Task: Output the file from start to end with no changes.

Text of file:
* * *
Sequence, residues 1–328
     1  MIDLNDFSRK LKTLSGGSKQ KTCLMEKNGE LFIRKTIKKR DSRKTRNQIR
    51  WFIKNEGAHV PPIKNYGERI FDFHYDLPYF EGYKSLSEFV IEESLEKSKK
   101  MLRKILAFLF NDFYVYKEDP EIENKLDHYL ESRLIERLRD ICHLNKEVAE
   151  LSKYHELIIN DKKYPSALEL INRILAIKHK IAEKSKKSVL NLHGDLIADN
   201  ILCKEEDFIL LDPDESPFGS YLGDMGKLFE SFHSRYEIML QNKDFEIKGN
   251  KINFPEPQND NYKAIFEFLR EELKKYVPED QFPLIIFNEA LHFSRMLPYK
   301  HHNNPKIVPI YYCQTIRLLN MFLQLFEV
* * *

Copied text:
Sequence, residues 1–328
     1  MIDLNDFSRK LKTLSGGSKQ KTCLMEKNGE LFIRKTIKKR DSRKTRNQIR
    51  WFIKNEGAHV PPIKNYGERI FDFHYDLPYF EGYKSLSEFV IEESLEKSKK
   101  MLRKILAFLF NDFYVYKEDP EIENKLDHYL ESRLIERLRD ICHLNKEVAE
   151  LSKYHELIIN DKKYPSALEL INRILAIKHK IAEKSKKSVL NLHGDLIADN
   201  ILCKEEDFIL LDPDESPFGS YLGDMGKLFE SFHSRYEIML QNKDFEIKGN
   251  KINFPEPQND NYKAIFEFLR EELKKYVPED QFPLIIFNEA LHFSRMLPYK
   301  HHNNPKIVPI YYCQTIRLLN MFLQLFEV